Electronic Mach–Zehnder interferometers in the quantum Hall (QH) regime are currently discussed for the realization of quantum information schemes. A recently proposed device architecture employs interference between two co-propagating edge channels. Here we demonstrate the precise control of individual edge-channel trajectories in quantum point contact devices in the QH regime. The biased tip of an atomic force microscope is used as a moveable local gate to pilot individual edge channels. Our results are discussed in light of the implementation of multi-edge interferometers.

The Scanning Gate Microscopy Laboratory at NEST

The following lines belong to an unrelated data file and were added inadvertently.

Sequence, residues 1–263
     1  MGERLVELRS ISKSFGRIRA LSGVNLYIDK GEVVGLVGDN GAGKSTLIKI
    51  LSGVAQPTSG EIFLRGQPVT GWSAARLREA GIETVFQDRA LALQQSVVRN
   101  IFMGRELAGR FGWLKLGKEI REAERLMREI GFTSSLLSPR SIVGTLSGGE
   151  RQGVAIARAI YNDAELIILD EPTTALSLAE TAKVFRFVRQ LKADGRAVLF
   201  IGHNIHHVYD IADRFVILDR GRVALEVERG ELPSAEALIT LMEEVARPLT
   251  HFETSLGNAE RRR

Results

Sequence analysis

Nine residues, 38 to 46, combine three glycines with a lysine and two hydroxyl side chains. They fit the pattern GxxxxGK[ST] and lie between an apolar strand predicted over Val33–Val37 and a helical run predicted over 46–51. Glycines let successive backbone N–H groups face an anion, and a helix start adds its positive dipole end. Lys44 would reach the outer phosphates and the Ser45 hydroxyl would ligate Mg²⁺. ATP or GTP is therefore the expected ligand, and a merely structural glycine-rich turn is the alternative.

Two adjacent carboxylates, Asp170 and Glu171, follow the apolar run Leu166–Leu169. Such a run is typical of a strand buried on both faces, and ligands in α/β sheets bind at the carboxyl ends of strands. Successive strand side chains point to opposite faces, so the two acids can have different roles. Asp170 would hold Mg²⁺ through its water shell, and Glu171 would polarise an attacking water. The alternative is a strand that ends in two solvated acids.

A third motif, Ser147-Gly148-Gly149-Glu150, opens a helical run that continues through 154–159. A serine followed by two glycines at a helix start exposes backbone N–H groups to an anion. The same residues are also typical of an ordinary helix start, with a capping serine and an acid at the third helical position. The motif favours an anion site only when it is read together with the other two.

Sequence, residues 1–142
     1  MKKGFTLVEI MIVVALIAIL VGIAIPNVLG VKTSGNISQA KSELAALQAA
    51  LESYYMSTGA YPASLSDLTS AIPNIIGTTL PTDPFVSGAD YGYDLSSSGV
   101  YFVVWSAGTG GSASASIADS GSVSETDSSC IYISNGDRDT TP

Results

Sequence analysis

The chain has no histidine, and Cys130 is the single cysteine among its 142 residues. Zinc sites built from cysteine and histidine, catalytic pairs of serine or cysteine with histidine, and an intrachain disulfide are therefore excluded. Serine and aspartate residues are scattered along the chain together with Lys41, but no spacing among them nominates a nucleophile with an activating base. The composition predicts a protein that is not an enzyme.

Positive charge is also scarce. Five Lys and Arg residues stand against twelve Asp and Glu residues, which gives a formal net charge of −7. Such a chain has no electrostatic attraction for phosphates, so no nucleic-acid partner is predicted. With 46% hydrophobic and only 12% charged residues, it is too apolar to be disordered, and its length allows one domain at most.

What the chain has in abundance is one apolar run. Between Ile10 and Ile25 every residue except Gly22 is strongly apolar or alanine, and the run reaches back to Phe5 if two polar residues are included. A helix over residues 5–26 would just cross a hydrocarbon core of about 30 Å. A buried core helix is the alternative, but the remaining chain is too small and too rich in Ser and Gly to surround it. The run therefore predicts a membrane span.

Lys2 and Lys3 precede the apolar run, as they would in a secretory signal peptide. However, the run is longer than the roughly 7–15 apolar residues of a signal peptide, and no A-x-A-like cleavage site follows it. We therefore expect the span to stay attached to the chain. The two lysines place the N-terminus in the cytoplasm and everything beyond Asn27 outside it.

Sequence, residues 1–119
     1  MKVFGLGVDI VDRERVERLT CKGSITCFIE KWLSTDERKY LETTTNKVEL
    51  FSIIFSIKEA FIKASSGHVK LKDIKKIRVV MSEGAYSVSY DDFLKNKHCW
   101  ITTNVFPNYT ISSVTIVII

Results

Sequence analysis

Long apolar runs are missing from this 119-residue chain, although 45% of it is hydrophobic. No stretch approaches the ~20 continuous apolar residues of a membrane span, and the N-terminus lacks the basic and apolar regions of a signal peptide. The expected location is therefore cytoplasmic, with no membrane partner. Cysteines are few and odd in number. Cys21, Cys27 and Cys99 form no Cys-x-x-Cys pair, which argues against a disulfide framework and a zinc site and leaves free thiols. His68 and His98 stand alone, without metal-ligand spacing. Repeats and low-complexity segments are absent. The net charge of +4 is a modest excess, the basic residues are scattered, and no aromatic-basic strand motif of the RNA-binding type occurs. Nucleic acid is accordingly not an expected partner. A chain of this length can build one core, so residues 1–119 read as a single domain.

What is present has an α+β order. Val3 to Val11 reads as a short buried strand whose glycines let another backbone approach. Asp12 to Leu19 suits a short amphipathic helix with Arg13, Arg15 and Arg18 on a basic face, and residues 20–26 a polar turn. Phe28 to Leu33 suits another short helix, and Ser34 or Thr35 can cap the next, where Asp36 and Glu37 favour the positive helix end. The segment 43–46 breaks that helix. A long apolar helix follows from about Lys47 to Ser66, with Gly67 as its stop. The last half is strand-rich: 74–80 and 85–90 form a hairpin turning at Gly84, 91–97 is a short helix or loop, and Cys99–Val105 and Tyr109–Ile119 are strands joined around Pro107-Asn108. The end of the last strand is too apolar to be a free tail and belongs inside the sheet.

The new Scanning Gate Microscopy (SGM) laboratory at NEST is aimed at combining our experience of the transport properties of nanostructures with the opportunity of investigation offered by scanning probe microscopy operating at ultra-low temperature (300mK), in a magnetic field tunable up to 9T. The recently installed instrument allows to locally apply an electric potential by means of the conductive tip of an atomic force microscope (AFM) operating in non-contact mode. This has a number of important applications: for instance we were able to image the coherent flow of electrons across a quantum point contact by measuring the change in the conductance corresponding to the local depletion of the 2DEG underneath the tip.